Many problems that plague our state are not new. In many communities they’ve been there for years, these problems. I’m running for Governor because Bruce Rauner is either unable or unwilling to address those problems.
Now, we need to talk about how we will expand healthcare, create jobs, and get every child the quality education they deserve.
But that is not enough. It’s not nearly enough.
Black and brown communities are still shut out of equal access to jobs, of affordable housing, healthcare, and education at rates far disproportionate to any other communities.
Real opportunity is so often reserved for a group that is too small and too white.
Systemic disinvestment maintains the cycle of poverty and keeps so many minority communities from moving forward.
People of color are disproportionately targeted by our criminal justice system.
The greater conversation ought to be about the foundation of our institutions, the wealth that has never been shared, and the theoretical opportunity that exists on paper but that is never realized.
This exclusion is not just our history, it’s our present. And if we don’t talk about it, and if we don’t take real, concrete steps to address it, it will be our future too.
These are difficult realities. There are real inequities that are in part about race and I’ve tried to address them throughout my life and in this campaign.
I’ve listened to African American families share the angst and the anguish of lost hope, and I’ve heard the anger about leaders who haven’t delivered on the promises that they’ve made.
That’s why I’ve put forward real plans because we’ve got to move the community forward. This isn’t about lip service and it isn’t about band aids. It is about bringing fundamental change to the community.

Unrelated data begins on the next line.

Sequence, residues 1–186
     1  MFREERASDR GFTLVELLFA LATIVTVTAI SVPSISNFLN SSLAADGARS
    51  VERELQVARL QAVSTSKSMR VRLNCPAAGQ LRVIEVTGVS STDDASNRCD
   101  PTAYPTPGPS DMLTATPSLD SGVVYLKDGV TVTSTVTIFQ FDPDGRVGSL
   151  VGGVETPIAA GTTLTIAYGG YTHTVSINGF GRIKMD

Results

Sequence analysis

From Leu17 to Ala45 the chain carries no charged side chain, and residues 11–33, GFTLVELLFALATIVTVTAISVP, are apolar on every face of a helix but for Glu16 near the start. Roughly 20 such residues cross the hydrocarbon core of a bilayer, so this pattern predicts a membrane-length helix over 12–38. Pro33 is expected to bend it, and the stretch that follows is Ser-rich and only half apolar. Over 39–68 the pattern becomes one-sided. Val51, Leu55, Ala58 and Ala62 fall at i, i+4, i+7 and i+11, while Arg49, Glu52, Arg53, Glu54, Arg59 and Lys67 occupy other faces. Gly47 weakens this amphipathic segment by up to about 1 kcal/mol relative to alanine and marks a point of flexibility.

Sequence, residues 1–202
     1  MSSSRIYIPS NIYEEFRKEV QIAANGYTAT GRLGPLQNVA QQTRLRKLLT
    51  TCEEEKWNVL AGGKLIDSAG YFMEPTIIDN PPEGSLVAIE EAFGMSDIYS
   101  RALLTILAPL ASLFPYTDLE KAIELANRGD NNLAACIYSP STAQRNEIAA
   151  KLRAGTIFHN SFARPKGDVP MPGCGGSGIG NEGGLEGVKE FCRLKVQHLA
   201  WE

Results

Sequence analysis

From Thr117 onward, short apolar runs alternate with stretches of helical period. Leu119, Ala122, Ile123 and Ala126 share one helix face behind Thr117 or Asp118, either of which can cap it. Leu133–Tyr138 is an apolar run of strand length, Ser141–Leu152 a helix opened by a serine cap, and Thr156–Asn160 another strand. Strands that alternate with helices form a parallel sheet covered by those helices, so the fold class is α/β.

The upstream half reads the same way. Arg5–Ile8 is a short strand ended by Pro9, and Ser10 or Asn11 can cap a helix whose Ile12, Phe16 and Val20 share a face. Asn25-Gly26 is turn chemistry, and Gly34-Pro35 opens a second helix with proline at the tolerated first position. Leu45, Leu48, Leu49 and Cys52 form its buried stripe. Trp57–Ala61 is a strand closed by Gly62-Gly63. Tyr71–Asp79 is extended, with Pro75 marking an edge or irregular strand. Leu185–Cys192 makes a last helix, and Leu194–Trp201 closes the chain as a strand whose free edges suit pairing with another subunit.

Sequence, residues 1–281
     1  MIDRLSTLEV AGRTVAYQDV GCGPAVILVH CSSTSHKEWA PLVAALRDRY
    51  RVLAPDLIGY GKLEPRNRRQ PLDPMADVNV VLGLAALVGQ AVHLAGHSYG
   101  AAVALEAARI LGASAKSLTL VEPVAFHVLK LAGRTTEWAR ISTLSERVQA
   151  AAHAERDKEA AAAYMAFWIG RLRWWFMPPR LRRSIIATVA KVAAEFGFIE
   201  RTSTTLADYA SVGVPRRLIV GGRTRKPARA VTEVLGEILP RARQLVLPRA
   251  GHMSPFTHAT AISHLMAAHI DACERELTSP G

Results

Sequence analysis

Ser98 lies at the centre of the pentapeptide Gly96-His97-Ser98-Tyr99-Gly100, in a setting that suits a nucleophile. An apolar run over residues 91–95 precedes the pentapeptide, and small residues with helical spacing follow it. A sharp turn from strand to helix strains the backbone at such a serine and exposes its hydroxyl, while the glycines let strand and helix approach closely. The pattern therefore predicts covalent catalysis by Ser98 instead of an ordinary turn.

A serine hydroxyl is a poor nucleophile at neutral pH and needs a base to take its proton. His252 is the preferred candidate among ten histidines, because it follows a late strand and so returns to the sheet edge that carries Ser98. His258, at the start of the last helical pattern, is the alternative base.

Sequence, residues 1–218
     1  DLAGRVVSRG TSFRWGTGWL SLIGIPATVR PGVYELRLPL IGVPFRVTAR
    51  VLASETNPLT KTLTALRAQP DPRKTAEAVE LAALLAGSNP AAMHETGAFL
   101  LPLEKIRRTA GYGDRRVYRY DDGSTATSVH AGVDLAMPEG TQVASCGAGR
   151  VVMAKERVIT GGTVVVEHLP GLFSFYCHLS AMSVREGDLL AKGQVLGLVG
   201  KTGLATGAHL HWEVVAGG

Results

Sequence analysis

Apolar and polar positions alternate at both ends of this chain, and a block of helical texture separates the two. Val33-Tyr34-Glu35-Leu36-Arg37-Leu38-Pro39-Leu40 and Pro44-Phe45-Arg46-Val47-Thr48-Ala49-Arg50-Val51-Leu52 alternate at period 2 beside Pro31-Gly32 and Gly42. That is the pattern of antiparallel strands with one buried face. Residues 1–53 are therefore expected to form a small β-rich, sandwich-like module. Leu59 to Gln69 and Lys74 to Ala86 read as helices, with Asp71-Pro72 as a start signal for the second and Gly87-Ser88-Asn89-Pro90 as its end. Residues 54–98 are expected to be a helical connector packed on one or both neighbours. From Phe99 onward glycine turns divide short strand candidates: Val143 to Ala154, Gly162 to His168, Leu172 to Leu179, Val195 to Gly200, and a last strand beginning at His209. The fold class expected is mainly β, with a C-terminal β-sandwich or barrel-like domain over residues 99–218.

It starts with education. Education has been and always will be, it remains the most important gateway to economic opportunity. It’s time that we demand that children in every community, and I mean regardless of their color, regardless of their income level, get the quality education they deserve. We need to fundamentally change the way we fund our schools and we’ve got to increase resources across the board. When I’m governor we’re going to pass a progressive income tax to pay for schools.
After years of systemic disinvestment, it is time for the wealthy to pay more to get our kids the education they deserve. Zip code, skin color, income, should never determine whether or not a child has a real chance to succeed.
We have to address the glaring issues in our economy that keep communities of color down. It’s time to bring true wealth and prosperity into minority communities. And I’m not just talking about creating jobs. We have to bring access to capital into the neighborhoods that need it most, neighborhoods like; North Lawndale, like West Garfield Park, like Austin, so that people who live in these communities can start and build businesses that stay there. This means putting economic development dollars in African American communities like the South and West sides of Chicago.
We have to invest in our infrastructure while ensuring that all of the communities get access to the jobs that are created when we’re putting in that infrastructure. We have to enforce the government’s procurement process. State government has a lot of resources. If we enforce that procurement process and we require the state do business with African Americans, we all succeed.
And it’s time for an overhaul of our criminal justice system. Our communities are strong and resilient. But they are being let down by a criminal justice system that is devoid of any justice and it is guided by laws that disproportionately affect people of color. Together, we can build a true system of justice that recognizes the inherent strengths in our communities and protects the values upon which they rely.